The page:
Marshall J. Brown was a reporter from a time when reporters were reporters and not journalists. According to his obituary in the Buffalo News, he passed away yesterday after an extended battle with multiple system atrophy, a neurological disease. He was 78 and had spent much of his career as the police beat reporter for the old Buffalo Courier-Express.
Mr. Brown came from a newspaper family. His father and two uncles were editors with United Press International (UPI). He started out as a copy boy with the old NY Herald-Tribune, received a degree in journalism from New York University, and began his career at the Lockport (NY) Union-Sun & Journal.
His obituary states that he received a number of awards from the Associated Press for his reporting. These awards, however, were not his most prized awards. He reserved that for his James Madison Award For Journalism from the Second Amendment Society.
A fellow reporter from a competing newspaper had this to say about Mr. Brown:
“Marsh was a feisty, hard-nosed old-time newsman, like one of the characters you’d see in an old movie like ‘The Front Page,’ ” said Buffalo News reporter Dan Herbeck, who worked with Mr. Brown at Buffalo Police Headquarters in the late 1970s and early 1980s. “He carried a gun when he was on the job, sometimes beat the police to crime scenes. On more than one occasion, he conducted his own investigations and helped the police solve crimes.”Can you imagine any of the modern-day authorized journalists doing this?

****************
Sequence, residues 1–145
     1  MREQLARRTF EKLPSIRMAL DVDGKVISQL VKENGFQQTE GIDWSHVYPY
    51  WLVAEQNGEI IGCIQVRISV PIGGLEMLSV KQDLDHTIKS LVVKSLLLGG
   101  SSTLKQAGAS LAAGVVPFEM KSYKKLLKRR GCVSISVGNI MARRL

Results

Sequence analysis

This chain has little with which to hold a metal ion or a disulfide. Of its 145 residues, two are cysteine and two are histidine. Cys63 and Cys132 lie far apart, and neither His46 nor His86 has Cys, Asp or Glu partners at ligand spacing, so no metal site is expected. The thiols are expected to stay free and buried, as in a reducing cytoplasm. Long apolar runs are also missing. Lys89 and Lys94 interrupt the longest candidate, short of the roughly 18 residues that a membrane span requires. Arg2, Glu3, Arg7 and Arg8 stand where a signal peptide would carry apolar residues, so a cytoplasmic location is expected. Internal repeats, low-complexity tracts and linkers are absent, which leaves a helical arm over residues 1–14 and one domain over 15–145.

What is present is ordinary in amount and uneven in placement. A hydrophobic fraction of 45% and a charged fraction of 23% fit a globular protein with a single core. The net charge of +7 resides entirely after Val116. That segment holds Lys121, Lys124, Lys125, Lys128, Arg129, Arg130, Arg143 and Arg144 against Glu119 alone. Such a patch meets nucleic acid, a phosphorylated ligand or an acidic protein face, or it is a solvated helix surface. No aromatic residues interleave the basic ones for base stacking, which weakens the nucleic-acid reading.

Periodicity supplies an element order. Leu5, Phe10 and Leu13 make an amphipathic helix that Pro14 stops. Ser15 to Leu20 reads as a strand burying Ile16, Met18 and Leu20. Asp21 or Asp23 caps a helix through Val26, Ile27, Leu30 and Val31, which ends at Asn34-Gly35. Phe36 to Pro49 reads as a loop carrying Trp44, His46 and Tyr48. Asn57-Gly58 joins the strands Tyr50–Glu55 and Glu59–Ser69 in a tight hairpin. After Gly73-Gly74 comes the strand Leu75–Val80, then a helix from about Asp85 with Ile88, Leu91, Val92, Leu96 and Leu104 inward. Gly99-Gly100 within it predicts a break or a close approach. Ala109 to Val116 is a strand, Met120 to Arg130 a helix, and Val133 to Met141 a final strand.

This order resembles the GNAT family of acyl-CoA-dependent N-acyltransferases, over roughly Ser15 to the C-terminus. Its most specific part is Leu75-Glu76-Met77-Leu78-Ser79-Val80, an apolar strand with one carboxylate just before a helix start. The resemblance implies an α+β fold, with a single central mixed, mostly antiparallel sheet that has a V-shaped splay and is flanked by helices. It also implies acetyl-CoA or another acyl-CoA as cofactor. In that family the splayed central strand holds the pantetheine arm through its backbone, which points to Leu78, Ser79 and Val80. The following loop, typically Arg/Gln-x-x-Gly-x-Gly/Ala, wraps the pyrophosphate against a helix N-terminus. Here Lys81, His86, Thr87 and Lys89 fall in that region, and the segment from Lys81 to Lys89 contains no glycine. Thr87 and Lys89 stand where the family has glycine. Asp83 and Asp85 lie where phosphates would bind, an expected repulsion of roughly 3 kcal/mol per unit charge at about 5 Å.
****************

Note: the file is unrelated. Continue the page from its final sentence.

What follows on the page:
Herbeck said he will never forget the time he and Mr. Brown in 1982 – both police reporters for Buffalo’s two competing newspapers – decided to go out and have lunch together. They were walking toward a small diner when a waitress came running outside, spattered with blood and screaming, “Help, he killed Ellie!”
“Marsh grabbed his gun out of the holster and we went running inside. This poor waitress was on the floor, bleeding to death,” Herbeck recalled. “A mental patient who had recently been released from a psychiatric center had jumped over the counter, grabbed a knife and began stabbing this poor woman. Then he ran out of the place. Marsh and I ran outside, looking for the guy, but he was long gone. The police came and we told them what happened.”
Mr. Brown was a Life Member of the NRA and was a longtime vice-president of New York's Shooters Committee on Political Education. He also was a member of the Second Amendment Foundation, Gun Owners of America, Citizens Committee for the Right to Keep and Bear Arms, and the Holland Rod and Gun Club. He was a certified NRA firearms instructor as well as a three-time NY State pistol champion in various categories.
Rest in peace, Mr. Brown. The likes of you will almost never be seen anymore and more's the pity.